A recent public debate pitted pro-legalisers against ‘war on drugs’ supporters. Here Brian McConnell describes the contest and gives a rundown on how the pre- and post- polling indicated a strong switch in support in one direction.
Should drugs be legalised?
By Brian McConnell*
In May 2011 the organisation Intelligence Squared, the Australian Forum for Live Debate, held a debate in Sydney, “All drugs should be legalised”, in front of an audience estimated to be about 1,000 people. The debate took the usual format of the affirmative speaker followed by the negative speaker until all six had spoken. The audience was then invited to make statements or pose questions, and they too were instructed to alternate between those of the affirmative view and those of the negative.
The audience was polled before the event and then polled after the event to determine if there had been a shift in opinion.
The speakers were:
- Dr Alex Wodak AM a physician and Director of the Alcohol and Drug Service, St Vincent’s Hospital since 1982.
- Nicholas Cowdery AM QC BA LLB, former NSW Director of Public Prosecutions.
- Wendy Harmer a prominent Australian broadcaster, entertainer and veteran of countless international comedy festivals.
- Dr Greg Pike the Director of the Southern Cross Bioethics Institute in Adelaide, South Australia.
- Jade Lewis a former drug user who now campaigns and educates against use of illegal drugs.
- Paul Sheehan a columnist with the Sydney morning Herald.
More details about the speakers can be found at: http://www.iq2oz.com/events/event-details/2011-series-sydney/may.php.
It is not intended to run through the debate here but for those interested it was videoed and recorded for publication on the IQ2 website and on the ABC at a later date. There were however some interesting points to make: The affirmative were well armed with facts and logical reasons; the negative relied on selective choice of facts or for the most part simply none at all. For example the leader of the negative team simply stated that if all drugs were legal more people would use and more people would come to harm…without supporting evidence – thus they avoided the trap of having to listen to the model proposed by the affirmative team of “legalise and then regulate”.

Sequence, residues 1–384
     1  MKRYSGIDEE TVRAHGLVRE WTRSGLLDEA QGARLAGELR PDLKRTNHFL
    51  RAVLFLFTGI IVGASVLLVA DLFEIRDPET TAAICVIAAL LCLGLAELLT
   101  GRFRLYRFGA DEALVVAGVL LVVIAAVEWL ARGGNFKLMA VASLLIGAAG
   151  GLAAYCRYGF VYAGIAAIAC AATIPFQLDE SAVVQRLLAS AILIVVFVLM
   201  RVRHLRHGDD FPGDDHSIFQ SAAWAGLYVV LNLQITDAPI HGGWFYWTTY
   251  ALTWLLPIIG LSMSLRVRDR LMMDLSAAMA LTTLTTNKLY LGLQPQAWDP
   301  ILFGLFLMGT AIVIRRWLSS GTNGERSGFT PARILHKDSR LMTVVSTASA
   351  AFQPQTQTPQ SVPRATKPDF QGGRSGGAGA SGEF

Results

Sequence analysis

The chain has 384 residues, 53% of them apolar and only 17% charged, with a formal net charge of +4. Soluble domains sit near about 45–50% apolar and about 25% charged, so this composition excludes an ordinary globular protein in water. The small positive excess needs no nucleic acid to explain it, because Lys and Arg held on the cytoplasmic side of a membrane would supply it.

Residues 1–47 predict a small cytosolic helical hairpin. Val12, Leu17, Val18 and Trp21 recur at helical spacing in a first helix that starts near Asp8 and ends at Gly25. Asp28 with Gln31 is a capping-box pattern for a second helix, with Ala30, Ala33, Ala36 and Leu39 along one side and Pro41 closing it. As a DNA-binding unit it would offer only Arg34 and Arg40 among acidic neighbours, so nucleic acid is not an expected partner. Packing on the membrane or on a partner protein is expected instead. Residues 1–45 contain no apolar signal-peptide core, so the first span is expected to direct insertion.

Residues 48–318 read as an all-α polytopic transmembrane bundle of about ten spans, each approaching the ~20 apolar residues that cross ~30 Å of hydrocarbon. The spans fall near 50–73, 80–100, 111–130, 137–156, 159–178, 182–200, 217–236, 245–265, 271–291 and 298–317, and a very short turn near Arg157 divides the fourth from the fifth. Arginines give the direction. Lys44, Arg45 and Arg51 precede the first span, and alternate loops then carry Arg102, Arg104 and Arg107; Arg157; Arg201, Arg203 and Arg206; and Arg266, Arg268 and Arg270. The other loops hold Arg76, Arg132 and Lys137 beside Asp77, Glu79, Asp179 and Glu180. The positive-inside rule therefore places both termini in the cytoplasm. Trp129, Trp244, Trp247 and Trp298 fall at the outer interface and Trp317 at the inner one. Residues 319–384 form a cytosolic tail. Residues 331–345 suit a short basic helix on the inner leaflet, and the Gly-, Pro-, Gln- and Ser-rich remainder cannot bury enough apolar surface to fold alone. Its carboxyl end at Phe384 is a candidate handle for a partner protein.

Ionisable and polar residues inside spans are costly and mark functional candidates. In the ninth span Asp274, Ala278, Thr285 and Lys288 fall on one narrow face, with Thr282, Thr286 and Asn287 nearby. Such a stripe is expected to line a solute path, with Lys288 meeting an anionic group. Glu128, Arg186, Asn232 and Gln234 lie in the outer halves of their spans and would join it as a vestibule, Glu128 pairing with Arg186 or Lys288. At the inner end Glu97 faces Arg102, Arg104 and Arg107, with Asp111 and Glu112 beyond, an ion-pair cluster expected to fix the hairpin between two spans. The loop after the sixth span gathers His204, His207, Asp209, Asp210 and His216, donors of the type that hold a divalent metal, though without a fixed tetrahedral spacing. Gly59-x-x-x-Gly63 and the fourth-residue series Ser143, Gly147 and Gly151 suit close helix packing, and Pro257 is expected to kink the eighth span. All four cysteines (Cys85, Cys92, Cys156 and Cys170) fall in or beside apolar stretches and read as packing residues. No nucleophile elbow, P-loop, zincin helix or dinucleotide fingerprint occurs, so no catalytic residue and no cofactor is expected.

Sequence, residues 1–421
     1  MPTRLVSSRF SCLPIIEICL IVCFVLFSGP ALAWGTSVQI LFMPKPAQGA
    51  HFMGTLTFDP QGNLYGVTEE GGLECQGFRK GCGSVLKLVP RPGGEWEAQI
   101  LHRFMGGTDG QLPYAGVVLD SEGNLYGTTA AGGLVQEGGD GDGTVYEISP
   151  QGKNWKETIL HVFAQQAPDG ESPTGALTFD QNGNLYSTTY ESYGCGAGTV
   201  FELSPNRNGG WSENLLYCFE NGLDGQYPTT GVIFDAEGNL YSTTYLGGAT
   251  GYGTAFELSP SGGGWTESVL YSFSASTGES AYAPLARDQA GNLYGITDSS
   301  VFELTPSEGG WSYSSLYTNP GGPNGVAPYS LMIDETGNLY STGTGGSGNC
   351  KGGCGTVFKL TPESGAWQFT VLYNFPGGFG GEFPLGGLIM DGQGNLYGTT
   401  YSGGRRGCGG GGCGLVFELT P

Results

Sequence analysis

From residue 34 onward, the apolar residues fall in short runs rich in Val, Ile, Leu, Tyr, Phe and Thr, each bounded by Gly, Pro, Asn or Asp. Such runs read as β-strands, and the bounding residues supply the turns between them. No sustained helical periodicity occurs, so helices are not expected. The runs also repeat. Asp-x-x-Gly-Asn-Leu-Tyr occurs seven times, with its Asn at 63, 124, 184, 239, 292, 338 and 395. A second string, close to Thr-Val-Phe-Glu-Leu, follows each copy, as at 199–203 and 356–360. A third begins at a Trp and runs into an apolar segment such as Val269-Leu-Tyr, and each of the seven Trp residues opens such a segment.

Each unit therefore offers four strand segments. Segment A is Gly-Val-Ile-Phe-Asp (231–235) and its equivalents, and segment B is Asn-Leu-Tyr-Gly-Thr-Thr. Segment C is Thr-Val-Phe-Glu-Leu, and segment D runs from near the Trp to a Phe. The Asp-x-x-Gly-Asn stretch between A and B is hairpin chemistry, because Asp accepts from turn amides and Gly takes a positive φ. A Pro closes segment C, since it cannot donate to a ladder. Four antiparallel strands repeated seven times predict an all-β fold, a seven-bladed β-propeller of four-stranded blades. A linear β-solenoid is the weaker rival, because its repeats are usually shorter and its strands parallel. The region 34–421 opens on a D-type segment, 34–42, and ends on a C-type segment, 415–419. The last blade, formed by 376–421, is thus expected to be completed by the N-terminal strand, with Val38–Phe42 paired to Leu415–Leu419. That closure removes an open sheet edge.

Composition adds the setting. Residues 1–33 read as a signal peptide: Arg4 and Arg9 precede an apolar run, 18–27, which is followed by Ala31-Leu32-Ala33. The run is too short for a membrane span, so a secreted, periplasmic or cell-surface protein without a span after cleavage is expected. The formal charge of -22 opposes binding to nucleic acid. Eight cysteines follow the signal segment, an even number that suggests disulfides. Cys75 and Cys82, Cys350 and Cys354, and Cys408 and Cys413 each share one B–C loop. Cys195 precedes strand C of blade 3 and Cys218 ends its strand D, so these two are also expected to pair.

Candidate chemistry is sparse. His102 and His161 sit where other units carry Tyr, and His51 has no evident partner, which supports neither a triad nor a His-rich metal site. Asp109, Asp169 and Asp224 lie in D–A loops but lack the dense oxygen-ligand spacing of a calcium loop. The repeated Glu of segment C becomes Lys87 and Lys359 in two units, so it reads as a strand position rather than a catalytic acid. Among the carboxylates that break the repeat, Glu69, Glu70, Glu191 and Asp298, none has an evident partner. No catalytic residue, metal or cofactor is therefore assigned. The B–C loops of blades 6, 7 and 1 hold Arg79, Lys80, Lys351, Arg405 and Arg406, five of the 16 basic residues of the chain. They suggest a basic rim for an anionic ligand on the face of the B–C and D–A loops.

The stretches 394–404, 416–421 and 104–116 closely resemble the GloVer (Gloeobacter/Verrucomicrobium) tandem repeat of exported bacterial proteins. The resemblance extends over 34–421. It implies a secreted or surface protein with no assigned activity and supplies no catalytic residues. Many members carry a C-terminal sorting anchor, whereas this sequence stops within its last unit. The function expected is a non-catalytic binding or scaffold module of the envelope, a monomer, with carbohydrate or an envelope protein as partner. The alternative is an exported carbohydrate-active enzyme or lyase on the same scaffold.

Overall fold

The second speaker for the negative told her personal story by way of reasons why all drugs should not be legalised. Her experiences were traumatic, there is no doubt, but she is now living without drugs and is happily married with a family. The turning point for her was when she was in her early twenties and was arrested and faced imprisonment: having been caught after many years for (apparently) a drug related crime, she turned her life around.
However the point was made by Nicholas Cowdery that if all drugs were legalised and regulated she would not have had to have such experiences. This was emphasised by Tony Trimingham, speaking from the audience later, who acknowledged the woman’s experience but said that the law had not saved his son but had been more the cause of his death.
Wendy Harmer pointed out the hypocrisy of the current laws – a most dangerous drug is legalised while a much less harmful one was prohibited – and she proposed a prohibition on hypocrisy.
The debate reflected the opinions in the general community. On the one hand there is evidence and logic, an identification of the hypocrisy of the laws, and the saving of lives and misery. On the other hand there is the disregard for truth, selective use of facts or creation of “facts”, and appeal to traumatic personal experiences caused by drugs and how the blunt and harsh instrument of the criminal law can turn all those lives around.
The result of the debate? Before the debate most were in favour of the proposition but almost one third were undecided. After the debate when the audience had heard all the arguments and had listened to the audience comments almost all of the undecided then agreed that “all drugs should be legalised”, resulting in almost 70% for the proposition and with little change in those against the proposition.
* Brian McConnell heads the organisation Families and Friends for Drug Law Reform, http://ffdlr.org.au This article is taken from their May 2011 newsletter, ISSN 1444-200